2) If I can't get a mortgage at all, would it be worth it to purchase the condo in cash? I'm hesitant to lock so much cash up in one investment, but I would still have 25% of my cash left, plus salary, plus rental income.

Not to mention by paying cash, I'd avoid many fees and charges that add up big-time and of course all of the mortgage interest. Also, I'd get 75% of my cash into a tangible investment protecting it somewhat from inflation. Lastly, there is something to be said for the satisfaction and peace of mind of owning my home outright, especially during such unstable economic times.

Thoughts and advice most welcomed.

Guest's picture
Siobhan

Well my mom did it this way, and that's what I plan to do myself. I'm 18, and i've already started saving. I'm gonna go to college, and get a good career so once that's done all ill have to do is rent and save until I can afford my dream house.

Guest's picture
Tom Dahl

Loved the article..I am about to receive an inheritance and wanted to ask for some advice.. i want to buy tho houses with the inheritance and rent them out..any tips, advice, do's and dont's would be greatly appreciated

Guest's picture
Guest

Personally I am 18, I am looking to buying a house in Florida with cash, I will be graduating high school this year and am going straight into the work force, not because I am not smart enough for college or anything of that nature I find it more fitting to my lifestyle. I will be buying a house (with cash) in aprx. 3 years if nothing goes wrong. Then instead of paying insurance I will be investing a large chunk of cash each year into a (personal investment fund) and I will become personal insured by the time that I am 30. I will be living below my means and working most days instead of "living my life" but I will be debt free and I plan to live my life debt free, I feel if you don't have a mortgage holding you back financially then you have a better chance of becoming financially independent.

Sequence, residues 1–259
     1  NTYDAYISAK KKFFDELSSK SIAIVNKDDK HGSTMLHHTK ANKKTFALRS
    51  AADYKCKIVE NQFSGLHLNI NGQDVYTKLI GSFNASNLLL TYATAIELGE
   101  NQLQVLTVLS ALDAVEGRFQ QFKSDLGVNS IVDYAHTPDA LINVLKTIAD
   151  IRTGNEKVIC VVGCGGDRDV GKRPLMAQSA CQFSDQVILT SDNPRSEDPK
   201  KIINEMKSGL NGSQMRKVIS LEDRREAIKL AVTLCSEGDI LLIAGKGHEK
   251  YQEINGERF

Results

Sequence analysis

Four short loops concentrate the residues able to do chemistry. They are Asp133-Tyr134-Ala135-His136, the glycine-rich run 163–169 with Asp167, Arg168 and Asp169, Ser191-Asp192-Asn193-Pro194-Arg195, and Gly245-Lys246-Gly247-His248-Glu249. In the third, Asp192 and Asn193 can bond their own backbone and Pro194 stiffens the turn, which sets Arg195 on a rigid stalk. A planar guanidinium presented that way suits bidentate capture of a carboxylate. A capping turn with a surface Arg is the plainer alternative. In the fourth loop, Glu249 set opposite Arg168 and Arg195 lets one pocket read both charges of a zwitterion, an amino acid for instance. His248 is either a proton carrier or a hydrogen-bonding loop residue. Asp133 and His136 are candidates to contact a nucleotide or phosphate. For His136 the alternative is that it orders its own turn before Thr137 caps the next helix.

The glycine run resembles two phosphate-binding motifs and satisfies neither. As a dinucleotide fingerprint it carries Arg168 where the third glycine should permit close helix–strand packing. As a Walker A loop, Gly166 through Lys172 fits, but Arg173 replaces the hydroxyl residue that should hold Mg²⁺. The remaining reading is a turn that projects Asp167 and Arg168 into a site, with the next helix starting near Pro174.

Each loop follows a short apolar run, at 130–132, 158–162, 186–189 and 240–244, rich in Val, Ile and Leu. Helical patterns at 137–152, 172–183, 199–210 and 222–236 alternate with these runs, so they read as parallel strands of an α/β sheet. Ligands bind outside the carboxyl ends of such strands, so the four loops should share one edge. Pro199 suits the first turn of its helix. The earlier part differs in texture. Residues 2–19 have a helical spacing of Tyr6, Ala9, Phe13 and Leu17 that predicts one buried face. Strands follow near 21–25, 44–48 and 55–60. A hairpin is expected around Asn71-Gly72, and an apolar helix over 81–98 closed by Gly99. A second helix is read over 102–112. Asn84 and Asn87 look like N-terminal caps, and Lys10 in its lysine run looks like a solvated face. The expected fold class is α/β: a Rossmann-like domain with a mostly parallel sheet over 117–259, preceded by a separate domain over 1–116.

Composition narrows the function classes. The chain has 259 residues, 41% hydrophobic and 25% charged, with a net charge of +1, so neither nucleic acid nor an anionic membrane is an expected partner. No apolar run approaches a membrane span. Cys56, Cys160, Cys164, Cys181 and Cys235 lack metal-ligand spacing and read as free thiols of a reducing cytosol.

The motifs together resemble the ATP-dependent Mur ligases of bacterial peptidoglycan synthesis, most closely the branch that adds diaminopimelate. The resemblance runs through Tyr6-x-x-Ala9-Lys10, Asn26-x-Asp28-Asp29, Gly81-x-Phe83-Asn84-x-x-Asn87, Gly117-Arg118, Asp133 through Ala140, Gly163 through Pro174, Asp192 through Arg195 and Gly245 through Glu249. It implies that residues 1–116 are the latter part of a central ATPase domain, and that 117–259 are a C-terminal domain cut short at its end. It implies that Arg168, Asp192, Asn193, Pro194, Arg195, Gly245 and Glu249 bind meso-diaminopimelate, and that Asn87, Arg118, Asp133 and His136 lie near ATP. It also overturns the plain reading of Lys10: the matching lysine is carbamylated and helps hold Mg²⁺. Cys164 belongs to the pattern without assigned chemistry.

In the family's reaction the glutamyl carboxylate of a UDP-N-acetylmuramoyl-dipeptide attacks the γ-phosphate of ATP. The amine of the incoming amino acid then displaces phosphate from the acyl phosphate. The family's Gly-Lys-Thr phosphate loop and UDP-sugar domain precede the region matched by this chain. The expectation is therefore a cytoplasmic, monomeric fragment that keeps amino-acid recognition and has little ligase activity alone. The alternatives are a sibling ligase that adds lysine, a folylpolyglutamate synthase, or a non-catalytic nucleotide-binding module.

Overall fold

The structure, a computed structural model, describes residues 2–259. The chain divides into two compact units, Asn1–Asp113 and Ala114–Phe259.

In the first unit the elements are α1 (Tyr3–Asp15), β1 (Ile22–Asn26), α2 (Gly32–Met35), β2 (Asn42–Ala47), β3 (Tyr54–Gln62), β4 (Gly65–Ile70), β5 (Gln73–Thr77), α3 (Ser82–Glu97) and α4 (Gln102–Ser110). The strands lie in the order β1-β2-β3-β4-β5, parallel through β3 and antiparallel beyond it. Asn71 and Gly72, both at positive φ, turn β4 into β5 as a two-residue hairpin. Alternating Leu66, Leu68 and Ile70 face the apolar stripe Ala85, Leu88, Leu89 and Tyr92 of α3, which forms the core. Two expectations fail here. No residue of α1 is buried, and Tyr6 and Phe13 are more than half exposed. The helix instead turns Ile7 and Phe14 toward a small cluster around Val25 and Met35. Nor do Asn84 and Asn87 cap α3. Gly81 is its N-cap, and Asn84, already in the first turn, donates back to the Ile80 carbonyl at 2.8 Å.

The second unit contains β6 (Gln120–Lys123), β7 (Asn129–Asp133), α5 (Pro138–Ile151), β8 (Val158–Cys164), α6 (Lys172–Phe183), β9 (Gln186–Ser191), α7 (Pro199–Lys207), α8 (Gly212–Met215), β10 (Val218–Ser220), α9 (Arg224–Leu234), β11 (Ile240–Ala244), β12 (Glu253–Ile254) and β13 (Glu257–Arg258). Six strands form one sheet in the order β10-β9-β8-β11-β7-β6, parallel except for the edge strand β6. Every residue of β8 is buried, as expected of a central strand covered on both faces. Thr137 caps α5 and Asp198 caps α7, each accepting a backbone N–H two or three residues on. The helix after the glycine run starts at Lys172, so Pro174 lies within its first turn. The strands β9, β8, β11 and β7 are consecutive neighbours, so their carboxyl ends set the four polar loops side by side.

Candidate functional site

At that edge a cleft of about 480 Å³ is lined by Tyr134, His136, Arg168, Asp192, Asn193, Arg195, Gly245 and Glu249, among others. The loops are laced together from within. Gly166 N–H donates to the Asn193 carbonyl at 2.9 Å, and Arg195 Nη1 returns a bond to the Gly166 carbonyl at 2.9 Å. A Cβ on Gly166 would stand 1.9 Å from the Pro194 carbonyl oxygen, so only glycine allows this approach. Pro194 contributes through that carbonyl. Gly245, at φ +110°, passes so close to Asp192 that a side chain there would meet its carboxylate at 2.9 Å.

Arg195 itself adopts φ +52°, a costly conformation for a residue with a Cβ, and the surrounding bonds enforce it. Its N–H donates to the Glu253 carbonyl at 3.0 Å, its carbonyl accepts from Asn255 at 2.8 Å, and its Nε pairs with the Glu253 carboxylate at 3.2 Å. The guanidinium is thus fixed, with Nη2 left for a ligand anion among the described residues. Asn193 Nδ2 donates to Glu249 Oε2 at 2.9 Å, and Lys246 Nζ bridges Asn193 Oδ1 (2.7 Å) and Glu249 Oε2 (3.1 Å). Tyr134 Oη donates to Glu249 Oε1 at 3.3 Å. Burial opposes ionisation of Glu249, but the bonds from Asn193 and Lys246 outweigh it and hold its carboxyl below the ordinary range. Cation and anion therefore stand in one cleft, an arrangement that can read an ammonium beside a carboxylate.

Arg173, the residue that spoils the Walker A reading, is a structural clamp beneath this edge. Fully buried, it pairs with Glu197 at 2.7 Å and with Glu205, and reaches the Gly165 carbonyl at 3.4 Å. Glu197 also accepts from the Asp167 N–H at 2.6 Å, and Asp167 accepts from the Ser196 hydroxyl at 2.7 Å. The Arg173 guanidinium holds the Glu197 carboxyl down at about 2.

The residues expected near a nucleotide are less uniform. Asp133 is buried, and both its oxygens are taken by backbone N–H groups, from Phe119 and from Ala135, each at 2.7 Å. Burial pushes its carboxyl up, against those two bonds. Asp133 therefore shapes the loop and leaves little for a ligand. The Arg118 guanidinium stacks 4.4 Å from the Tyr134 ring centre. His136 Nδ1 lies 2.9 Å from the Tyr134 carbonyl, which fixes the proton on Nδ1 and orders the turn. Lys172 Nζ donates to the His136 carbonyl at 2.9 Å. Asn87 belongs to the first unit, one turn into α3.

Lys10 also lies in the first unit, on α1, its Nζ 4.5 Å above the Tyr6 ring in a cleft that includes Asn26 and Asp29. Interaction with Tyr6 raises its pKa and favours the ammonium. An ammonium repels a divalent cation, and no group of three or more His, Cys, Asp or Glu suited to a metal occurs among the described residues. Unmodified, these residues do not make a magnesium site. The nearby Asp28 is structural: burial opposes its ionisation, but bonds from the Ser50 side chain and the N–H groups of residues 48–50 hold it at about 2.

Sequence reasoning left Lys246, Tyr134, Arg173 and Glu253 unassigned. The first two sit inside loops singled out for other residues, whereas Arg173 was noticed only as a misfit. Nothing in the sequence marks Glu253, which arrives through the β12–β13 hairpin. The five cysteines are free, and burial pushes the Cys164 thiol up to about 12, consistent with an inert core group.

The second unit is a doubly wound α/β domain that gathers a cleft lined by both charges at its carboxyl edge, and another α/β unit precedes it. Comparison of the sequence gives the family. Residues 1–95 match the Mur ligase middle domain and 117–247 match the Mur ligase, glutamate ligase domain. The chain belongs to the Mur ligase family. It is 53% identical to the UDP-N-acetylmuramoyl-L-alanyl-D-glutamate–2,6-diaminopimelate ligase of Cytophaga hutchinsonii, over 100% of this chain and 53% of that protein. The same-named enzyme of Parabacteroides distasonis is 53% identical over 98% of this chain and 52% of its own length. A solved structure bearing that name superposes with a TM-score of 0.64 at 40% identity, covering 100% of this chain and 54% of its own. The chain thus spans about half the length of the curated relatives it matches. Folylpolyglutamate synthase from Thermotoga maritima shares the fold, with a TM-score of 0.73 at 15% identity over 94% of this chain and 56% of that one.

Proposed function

Just a non-average high school student

Ps. High school economics is a JOKE...

Guest's picture
Guest

Morgarge is bad idea ots just fancy way of saying renting with slavery agreement it really is most people ars never able to pay it off in their life time.

Guest's picture
Tim

Owning a home outright brings a lot of peace of mind and security. Property taxes will always be there.

However, if you want to move and sell be prepared to wait.

Guest's picture
leslie

I looked at a house yesterday that the bank bought back at sheriffs auction. the bank is selling it for $23,000. Tax assessors had the 100% value at $63,000 or so. If I had about $23,000 I would buy it. Doesn't need a whole lot of work. And what I would save in rent/mortgage I could put into the house. We are paying $800 in rent. So imagine putting $800 in the house for the next 1-2 years.